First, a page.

As editor of a communications publication, I receive a number of press releases related to new research and forecasts on the satellite market. I often think it would be interesting to go back to all the research that was issued in, say 2002, and see whether some of those 10-year forecasts regarding pay-TV uptake, new satellites and transponder utilization came true. That, perhaps, could make a really good story. One thing is true though — statistics and forecasts can be a good pointer of things to come.
Broadcasting is still commonly seen as the lifeblood of the FSS sector, with key FSS operators generating most of their revenues from broadcasting and DTH. However, recent research seems to indicate that telcos may finally be getting their act together. According to a new IPTV forecast given by U.S. research organization, Multimedia Research Group (MRG), there will likely be 105.1 million IPTV subscribers in 2015, or double what there was at the end of last year. MRG goes on to say that in recent quarters IPTV growth in subscribers has outpaced both cable and satellite.
What does this all mean and should the satellite industry be worried? Sitting on the fence, I would probably answer yes and no. With HD take-up still rising, the ability to sell more capacity to fuel next-generation offerings is not going away, and DTH operators still remain the leading edge of bringing new services to customers. Take BSkyB’s recent announcement that it is planning to offer an OTT service to subscribers in the United Kingdom. It shows, if any evidence was needed, that DTH operators have to move with the times. Usually, when the likes of BSkyB start to launch these types of services, others around the world will follow. Companies like BSkyB and DirecTV remain the poster companies for DTH services around the world.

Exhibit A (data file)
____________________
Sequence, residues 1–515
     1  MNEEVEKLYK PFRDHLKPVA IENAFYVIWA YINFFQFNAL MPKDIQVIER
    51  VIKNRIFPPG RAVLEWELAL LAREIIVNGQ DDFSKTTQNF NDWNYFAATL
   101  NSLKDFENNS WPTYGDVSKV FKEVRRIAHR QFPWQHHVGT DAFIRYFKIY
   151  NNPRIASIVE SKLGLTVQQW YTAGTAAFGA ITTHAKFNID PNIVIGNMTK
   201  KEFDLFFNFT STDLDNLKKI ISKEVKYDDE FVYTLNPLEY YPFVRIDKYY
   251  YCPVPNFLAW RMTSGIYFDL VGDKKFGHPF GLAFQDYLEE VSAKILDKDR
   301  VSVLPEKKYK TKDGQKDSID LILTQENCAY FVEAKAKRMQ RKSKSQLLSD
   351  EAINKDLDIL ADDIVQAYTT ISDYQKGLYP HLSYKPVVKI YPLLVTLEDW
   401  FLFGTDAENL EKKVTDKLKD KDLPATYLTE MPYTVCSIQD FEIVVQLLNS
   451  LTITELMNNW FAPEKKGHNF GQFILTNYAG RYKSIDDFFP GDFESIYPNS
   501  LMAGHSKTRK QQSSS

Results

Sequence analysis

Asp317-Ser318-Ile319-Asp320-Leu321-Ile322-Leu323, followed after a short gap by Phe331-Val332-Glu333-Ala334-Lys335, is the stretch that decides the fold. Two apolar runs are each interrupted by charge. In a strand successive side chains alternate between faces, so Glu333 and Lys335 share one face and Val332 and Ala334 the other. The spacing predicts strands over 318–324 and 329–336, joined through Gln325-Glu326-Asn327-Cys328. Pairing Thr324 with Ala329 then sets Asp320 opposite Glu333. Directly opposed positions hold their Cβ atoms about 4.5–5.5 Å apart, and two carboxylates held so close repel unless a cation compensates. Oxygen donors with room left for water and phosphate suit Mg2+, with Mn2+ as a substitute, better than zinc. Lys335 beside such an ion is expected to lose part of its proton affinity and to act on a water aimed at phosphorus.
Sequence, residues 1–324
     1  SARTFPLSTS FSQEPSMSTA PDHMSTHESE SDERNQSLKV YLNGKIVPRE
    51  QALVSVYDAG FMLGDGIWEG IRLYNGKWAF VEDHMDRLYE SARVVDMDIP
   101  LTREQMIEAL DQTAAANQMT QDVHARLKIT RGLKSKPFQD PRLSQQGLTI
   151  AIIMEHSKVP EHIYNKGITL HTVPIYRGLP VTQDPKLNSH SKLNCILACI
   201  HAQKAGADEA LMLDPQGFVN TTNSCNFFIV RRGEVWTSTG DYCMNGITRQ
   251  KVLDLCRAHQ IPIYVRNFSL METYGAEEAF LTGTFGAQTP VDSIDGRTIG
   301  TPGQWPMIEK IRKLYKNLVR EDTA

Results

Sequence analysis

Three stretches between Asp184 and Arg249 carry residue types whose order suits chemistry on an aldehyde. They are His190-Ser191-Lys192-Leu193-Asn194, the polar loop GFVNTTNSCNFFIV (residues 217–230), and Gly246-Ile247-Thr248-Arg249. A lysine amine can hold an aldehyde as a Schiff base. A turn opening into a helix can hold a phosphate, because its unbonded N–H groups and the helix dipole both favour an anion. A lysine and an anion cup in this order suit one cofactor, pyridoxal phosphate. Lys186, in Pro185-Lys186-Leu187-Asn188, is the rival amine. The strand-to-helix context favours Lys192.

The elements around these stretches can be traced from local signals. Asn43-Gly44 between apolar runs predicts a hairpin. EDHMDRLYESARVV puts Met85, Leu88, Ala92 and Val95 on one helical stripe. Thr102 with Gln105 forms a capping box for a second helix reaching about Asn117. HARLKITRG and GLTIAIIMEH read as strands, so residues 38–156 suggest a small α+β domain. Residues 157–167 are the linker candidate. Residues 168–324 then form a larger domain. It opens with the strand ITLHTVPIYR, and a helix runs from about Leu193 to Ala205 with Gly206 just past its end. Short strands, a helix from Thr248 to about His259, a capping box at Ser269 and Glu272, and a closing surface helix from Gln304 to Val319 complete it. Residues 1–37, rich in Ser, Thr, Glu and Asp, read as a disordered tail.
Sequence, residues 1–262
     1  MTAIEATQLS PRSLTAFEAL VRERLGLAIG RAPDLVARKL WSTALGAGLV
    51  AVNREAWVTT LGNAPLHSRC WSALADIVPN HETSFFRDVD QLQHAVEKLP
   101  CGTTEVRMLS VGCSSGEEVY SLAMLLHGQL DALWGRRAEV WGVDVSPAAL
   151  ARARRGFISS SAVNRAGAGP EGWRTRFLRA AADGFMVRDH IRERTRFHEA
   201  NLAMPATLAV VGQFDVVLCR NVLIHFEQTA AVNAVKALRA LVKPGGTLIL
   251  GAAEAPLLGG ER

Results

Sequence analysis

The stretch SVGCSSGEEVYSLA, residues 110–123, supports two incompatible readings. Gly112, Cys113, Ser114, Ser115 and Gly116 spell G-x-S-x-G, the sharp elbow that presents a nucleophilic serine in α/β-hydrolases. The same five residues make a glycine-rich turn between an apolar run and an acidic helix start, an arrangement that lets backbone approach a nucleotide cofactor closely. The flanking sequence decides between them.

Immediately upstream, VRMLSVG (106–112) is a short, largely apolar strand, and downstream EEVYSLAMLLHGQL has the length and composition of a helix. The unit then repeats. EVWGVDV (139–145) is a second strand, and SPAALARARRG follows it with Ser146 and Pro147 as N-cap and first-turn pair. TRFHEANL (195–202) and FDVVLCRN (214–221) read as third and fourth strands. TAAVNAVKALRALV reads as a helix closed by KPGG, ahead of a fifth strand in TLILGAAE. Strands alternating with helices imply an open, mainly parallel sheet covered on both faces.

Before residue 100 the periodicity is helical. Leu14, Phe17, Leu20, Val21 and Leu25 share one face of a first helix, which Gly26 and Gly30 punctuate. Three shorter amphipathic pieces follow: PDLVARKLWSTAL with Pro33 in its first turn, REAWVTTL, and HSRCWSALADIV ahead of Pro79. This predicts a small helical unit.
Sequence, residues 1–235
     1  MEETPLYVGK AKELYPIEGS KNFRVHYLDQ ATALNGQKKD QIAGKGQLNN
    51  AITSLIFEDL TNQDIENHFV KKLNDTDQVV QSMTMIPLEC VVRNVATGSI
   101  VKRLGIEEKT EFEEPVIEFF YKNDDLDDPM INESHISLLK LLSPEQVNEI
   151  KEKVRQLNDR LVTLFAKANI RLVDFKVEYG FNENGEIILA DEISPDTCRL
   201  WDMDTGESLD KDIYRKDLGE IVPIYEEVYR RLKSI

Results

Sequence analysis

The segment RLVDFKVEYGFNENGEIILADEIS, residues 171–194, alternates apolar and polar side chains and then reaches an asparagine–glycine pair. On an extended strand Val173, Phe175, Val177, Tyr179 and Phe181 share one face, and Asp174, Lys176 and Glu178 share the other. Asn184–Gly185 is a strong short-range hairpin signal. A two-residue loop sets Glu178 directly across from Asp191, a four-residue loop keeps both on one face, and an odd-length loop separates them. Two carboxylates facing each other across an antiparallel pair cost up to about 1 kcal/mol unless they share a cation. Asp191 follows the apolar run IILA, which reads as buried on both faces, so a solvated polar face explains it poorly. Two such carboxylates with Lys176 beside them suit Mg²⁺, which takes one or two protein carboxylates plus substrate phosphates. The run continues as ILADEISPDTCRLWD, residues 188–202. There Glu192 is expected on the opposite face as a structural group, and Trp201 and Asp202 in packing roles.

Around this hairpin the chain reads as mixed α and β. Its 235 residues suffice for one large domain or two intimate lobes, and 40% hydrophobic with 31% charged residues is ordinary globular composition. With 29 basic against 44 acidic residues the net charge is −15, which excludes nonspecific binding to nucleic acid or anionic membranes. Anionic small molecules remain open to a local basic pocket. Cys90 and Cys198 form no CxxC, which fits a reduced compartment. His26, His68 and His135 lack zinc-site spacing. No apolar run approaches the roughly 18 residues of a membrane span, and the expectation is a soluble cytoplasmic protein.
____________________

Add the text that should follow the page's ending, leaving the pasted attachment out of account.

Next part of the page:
There is little doubt that the broadcast world continues to change and that there seems to be a new fad every year. We have had the ‘HD’ revolution, the ‘3-D’ revolution, then the ‘OTT’ revolution, and now perhaps the ‘Connected TV’ revolution. I keep thinking, what can possibly be next. I suppose it won’t be too long before we are talking about 4k television and ultra HD. But, it won’t end there. It never does.
One constant is that broadcast and satellite have to remain intertwined for a healthy and vibrant satellite sector. While there is no need to panic, the broadcast market is now characterized by being in a constant state of flux and fragmentation. In this issue of Via Satellite, we have four technology executives from major broadcasters talking about their technology needs and challenges, and they give insight into the changes occuring. It will be interesting to hear at NAB how companies see all this change impacting the satellite sector. We also look at the changing relationship between telcos and the satellite sector. This dynamic has been particularly interesting to watch in recent years, as telcos have looked to use satellite more and more in terms of extending the reach of their services, such as data and video.
On a different subject, as many of you have seen, there has been a lot of news regarding LightSquared this month, and it shows how things can quickly change. Ambitious business plans and entrepreneurship is another staple of this industry, and the recent events that have impacted LightSquared show just how difficult it is sometimes to get things off the ground.